Tuesday, July 3, 2007

Vitamin C

The structure of vitamin C, designated as a hex uronic
acid, was established in 1933 at the University of
Birmingham in England by Walter Haworth and
his associates, who also accomplished its synthesis.
Szent-Györgyi and Haworth renamed hexuronic acid
‘L-ascorbic acid’ to convey its antiscorbutic properties;
the new name was offi cially accepted in 1965.
Both Szent-Györgyi and Haworth were to be awarded
the Nobel Prize in 1937, the former for Physiology
and Medicine and the latter for Chemistry. Synthetic
ascorbic acid proved to have identical physicochemical
and biological properties to the vitamin C isolated
from plant or animal tissues, and there was no difference
in biological potency between the synthetic and
natural products. In 1934, Reichstein and Grüssner
in Switzerland worked out a chemical route for synthesizing
ascorbic acid commercially, starting from

The term ‘vitamin C’ refers to both ascorbic acid
and dehydroascorbic acid, since the latter oxidation product is reduced back to ascorbic acid in the body.
The principal natural compound with vitamin C activity
is L-ascorbic acid. There are two enantiomeric
pairs (mirror images) of the 2-hexenono-1,4-lactone
structure; namely, L- and D-ascorbic acid and L- and
D-isoascorbic acid (Fig. 19.1). D-Ascorbic acid and
L-isoascorbic acid are devoid of vitamin C activ- ity and do not occur in nature. D-Isoascorbic acid
(commonly known as erythorbic acid) is an epimer
of L-ascorbic acid, the structural difference being the
orientation of the hydrogen and hydroxyl group at
the fi fth carbon atom. D-Isoascorbic acid is also not
found in natural products, apart from its occurrence
in certain microorganisms. It possesses similar reductive
properties to L-ascorbic acid, but exhibits only
5% of the antiscorbutic activity of L-ascorbic acid in
guinea pigs (Pelletier & Godin, 1969).
At around neutral pH, ascorbic acid exists as the
ascorbate anion due to facile ionization of the hydroxyl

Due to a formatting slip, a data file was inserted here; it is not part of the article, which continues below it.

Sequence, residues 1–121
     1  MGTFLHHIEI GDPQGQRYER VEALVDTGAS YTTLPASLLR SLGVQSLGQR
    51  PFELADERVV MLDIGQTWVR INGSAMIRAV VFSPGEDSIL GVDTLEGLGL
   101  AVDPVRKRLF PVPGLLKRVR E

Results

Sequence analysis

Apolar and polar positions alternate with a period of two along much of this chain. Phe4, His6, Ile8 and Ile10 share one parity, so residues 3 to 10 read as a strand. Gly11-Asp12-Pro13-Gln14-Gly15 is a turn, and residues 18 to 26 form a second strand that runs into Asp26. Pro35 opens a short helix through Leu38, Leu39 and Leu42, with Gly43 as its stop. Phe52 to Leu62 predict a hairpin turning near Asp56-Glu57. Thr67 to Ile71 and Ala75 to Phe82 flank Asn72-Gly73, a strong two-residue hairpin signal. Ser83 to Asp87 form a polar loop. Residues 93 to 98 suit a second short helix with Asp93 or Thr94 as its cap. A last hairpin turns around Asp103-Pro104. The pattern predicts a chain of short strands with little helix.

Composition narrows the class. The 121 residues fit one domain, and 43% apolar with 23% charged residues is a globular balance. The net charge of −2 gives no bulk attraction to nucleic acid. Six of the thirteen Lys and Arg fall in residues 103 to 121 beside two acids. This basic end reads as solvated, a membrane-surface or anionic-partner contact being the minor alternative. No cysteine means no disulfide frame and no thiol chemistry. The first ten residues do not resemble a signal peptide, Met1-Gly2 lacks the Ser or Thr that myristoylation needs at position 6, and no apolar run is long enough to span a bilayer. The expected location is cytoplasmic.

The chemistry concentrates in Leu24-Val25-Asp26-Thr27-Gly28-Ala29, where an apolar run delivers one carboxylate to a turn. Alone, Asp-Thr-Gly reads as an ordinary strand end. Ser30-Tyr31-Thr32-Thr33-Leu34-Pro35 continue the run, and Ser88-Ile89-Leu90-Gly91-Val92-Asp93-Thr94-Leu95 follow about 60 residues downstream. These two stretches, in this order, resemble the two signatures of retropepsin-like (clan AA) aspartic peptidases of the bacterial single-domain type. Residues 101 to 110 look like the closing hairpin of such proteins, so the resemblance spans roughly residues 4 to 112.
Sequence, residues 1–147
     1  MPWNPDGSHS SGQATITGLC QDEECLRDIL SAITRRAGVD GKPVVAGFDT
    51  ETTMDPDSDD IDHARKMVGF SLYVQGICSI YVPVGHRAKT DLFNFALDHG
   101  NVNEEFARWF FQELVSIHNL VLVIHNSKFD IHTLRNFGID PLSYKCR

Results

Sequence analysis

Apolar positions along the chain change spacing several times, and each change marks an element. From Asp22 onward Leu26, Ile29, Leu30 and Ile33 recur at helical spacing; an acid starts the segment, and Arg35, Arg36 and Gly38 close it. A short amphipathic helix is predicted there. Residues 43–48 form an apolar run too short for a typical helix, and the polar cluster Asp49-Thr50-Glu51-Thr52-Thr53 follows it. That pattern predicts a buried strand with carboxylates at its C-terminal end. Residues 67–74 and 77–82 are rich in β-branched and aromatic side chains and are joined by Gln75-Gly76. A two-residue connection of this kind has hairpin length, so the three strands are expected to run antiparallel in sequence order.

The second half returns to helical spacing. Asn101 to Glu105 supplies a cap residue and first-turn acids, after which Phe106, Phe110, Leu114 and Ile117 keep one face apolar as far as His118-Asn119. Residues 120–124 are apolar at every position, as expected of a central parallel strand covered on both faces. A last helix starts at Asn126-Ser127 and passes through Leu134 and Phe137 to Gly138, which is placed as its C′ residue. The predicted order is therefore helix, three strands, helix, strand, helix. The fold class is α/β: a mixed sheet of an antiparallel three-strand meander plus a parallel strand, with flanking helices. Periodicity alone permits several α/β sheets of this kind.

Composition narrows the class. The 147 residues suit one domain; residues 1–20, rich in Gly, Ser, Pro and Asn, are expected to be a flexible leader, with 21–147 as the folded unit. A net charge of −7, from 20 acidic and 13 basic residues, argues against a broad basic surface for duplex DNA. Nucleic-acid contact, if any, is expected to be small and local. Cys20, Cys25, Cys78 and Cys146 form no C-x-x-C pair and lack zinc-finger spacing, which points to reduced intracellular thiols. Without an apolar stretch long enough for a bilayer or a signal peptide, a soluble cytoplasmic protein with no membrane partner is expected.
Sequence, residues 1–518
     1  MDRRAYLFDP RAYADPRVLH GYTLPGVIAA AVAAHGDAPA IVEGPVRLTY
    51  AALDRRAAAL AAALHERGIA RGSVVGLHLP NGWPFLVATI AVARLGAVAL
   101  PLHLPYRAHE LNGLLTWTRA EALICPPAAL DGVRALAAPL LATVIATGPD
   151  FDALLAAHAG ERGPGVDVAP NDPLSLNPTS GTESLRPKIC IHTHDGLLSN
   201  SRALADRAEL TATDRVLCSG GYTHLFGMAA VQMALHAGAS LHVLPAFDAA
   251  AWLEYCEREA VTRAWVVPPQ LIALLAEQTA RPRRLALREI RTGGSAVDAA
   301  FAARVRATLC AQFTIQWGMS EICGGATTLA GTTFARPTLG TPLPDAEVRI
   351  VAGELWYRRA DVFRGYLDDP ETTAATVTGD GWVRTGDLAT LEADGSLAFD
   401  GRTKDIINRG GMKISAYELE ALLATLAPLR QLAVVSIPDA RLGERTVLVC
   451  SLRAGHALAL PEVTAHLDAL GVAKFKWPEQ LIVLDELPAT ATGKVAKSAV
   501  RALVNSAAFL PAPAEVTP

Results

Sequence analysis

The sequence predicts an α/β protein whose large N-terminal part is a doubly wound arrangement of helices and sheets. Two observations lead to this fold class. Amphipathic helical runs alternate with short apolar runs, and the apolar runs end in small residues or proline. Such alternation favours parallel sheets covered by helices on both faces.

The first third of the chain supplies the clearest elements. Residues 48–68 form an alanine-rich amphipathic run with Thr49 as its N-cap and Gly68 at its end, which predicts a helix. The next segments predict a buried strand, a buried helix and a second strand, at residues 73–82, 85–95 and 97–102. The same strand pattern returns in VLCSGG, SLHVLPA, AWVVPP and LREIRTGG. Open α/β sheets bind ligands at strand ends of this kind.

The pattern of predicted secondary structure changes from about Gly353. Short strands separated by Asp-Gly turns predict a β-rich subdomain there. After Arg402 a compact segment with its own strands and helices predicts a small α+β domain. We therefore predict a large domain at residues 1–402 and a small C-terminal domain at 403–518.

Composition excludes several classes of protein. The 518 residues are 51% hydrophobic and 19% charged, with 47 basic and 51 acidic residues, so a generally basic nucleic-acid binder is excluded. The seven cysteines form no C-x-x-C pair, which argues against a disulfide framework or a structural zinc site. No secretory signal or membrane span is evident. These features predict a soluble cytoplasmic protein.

group on C-3. Ascorbate is easily and reversibly
oxidized to dehydro-L-ascorbic acid, forming the
ascorbyl radical (also known as semidehydroascorbate)
as an intermediate (Fig. 19.2). The delocalized
nature of the unpaired electron in the ascorbyl radical
makes it a relatively unreactive free radical and two
ascorbyl radicals can react together non-enzymatically
to produce ascorbate and dehydroascorbic acid. In
the body, enzymes are available to reduce the ascorbyl
radical and dehydroascorbic acid back to ascorbate.
Dehydroascorbic acid is not a true organic acid as
it contains no readily ionizable protons. In aqueous
solution, dehydroascorbic acid exists not as the
2,3-diketo compound, but as the bicyclic hemiketal
hydrate. In buffered solution at neutral or alkaline
pH, dehydroascorbic acid undergoes a non-reversible
oxidation in which the two rings open to give 2,3-
diketogulonic acid in a straight-chain structure.

Dietary sources of Vitamin C
Fresh fruits (especially citrus fruits and blackcurrants)
and green vegetables constitute rich sources
of vitamin C. Potatoes contain moderate amounts
but, because of their high consumption, represent the
most important source of the vitamin in the British
diet. Liver (containing 10–40 mg per 100 g), kidney
and heart are good sources, but muscle meats and cereal
grains do not contain the vitamin in measurable
amounts. Human milk provides enough ascorbic acid
to prevent scurvy in breast-fed infants, but preparations
of cow’s milk are a poor source owing to oxidative
losses incurred during processing.

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